Imagine you have spotted a young girl in an Iraqi market wearing an oddly bulging outfit under which you have clearly seen wires and straps. The consent law says you OUGHT to ask her consent, or at least wait until she makes some unambiguous threatening action, before responding.  Since the consequences of her threatening gesture may be coming at you at several thousand feet per second, you may well decide to take pre-emptive action and shoot her first. However, if you do this, YOU must now bear the consequences of your unlawful act (and for the sake of order in society, this must always remain an unlawful act). If the 12 year old girl you shot with little or no warning turns out to be a spina bifida sufferer, with wires and straps up and down her poor tortured body, then you can expect a jury of your peers to be quite harsh. If there was more semtex than child under the robe, you might yet get a medal. Its not fair, its just how it is.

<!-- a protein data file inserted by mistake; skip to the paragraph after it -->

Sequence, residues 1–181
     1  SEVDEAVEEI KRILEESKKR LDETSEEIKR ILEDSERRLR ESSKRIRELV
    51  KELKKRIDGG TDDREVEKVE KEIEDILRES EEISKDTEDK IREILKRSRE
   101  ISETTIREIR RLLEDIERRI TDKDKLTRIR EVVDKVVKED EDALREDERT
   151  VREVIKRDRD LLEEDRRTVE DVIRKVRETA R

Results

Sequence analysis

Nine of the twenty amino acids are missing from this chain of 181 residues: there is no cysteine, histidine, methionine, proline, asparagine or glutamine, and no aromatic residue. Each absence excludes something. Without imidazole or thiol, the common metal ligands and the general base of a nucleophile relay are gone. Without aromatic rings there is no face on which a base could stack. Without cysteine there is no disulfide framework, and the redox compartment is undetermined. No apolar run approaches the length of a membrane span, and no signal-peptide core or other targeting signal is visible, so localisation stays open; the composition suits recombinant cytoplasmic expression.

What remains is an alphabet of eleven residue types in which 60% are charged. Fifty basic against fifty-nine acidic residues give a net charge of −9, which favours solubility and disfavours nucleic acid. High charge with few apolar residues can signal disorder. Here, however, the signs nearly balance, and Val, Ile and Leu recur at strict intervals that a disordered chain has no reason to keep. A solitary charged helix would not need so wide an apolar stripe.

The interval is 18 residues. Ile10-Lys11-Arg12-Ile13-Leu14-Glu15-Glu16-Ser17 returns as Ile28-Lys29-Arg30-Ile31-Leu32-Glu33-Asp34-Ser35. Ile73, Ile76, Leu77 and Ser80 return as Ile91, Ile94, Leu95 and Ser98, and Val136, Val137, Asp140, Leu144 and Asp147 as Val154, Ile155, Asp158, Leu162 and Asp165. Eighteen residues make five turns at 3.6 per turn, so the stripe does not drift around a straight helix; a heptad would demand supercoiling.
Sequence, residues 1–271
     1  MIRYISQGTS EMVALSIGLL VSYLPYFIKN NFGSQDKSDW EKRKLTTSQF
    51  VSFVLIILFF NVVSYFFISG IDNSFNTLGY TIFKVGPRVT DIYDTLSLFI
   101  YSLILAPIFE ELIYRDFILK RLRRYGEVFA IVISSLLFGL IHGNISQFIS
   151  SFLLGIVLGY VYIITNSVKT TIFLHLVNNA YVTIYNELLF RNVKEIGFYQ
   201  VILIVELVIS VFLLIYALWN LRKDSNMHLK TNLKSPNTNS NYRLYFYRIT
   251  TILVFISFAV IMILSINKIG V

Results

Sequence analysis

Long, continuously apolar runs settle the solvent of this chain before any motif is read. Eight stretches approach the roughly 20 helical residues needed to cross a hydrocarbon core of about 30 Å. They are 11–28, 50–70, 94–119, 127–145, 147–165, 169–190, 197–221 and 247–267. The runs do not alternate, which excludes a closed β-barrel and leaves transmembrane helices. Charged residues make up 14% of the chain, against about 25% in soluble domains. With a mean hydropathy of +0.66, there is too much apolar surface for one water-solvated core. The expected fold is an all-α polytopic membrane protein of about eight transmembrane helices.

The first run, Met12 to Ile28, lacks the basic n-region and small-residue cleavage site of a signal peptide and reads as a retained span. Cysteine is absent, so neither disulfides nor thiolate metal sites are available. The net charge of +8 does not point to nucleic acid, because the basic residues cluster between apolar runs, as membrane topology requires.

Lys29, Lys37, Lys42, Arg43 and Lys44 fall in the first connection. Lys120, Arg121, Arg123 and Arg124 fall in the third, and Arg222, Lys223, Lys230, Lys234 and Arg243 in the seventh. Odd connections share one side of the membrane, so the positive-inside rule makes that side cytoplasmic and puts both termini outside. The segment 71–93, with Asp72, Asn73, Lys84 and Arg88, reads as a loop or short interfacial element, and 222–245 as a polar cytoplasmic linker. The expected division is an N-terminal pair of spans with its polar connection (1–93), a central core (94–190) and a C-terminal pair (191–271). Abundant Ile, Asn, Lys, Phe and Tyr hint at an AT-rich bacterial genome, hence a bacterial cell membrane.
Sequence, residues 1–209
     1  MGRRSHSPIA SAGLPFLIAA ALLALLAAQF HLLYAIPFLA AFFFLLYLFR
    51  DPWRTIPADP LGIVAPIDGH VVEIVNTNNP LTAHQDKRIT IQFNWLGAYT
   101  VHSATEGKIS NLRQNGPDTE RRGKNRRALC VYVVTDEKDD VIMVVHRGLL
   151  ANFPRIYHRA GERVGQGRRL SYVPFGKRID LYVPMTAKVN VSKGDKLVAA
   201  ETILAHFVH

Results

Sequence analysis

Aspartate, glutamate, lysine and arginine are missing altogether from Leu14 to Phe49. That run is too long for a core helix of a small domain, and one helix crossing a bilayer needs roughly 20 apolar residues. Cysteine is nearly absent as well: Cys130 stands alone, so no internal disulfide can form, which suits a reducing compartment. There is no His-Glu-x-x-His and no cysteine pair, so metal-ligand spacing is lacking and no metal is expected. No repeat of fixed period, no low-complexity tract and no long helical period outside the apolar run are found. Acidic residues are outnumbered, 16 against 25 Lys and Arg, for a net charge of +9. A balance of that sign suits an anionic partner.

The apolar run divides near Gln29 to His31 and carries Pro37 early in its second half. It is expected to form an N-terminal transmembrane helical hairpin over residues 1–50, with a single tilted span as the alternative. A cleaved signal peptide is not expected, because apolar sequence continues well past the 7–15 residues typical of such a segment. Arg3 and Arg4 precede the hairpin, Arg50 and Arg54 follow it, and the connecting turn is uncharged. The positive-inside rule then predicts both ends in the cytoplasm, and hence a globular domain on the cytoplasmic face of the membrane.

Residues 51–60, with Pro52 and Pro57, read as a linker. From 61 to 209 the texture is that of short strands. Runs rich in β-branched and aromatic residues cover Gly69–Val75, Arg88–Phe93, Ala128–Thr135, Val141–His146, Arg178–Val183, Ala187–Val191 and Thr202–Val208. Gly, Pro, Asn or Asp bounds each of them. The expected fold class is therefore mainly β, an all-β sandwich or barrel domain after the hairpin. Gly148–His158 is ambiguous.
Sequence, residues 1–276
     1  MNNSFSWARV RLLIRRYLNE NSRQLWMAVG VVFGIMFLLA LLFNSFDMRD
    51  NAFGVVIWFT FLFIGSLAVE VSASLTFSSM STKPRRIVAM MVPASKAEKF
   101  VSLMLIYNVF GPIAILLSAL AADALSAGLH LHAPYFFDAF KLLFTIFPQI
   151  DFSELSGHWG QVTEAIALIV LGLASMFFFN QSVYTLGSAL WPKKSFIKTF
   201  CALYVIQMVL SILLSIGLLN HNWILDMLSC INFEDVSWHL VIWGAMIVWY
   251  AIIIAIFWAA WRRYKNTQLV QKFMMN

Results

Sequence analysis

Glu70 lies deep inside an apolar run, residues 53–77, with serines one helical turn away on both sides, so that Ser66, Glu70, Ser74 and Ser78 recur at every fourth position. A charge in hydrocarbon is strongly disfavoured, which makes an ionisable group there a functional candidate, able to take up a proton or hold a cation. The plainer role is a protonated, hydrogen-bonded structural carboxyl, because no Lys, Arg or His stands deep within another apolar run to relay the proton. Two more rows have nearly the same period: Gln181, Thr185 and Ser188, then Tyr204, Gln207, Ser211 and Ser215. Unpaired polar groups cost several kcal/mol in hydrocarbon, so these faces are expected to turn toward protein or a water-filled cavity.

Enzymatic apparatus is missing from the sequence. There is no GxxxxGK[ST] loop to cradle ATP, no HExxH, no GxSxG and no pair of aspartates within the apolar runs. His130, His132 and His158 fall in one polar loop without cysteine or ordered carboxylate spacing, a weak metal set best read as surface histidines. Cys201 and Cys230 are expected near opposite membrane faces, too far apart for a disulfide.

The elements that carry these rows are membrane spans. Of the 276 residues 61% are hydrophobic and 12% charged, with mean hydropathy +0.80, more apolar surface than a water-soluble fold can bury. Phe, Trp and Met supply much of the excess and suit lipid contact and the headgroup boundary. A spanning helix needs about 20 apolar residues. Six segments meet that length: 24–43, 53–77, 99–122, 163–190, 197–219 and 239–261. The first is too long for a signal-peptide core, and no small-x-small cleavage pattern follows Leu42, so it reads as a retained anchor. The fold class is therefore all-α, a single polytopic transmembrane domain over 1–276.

Unintended consequences

Every action has unpredictable and unintended consequences. Who would have thought the invention of the atomic bomb would ensure world peace for 70 years? Who would have thought a message of love and peace would result in the crusades and the inquisition? Who knows how many deserving microbes you kill every time you breath? Are you responsible for the unintended consequences of your actions? Well, if not you, then who? God? Fate? Both are difficult to sue. I believe you must take responsibility for the immediate but unintended consequences of any deliberate action, even when lawful in terms of the consent axiom.  However, these consequences must be immediate both in time and place.


A consenting society is that group of people who acknowledge and respect the consent axiom as the basis of their social interactions.  Members of such a society will understand their mutual obligation to resist and punish consent violations, and to provide jury members for dispute resolutions.


As with all human endeavours, disputes will arise. I believe that the resolution of these disputes is a task for a jury of your peers when other avenues such as compensation and apology have failed.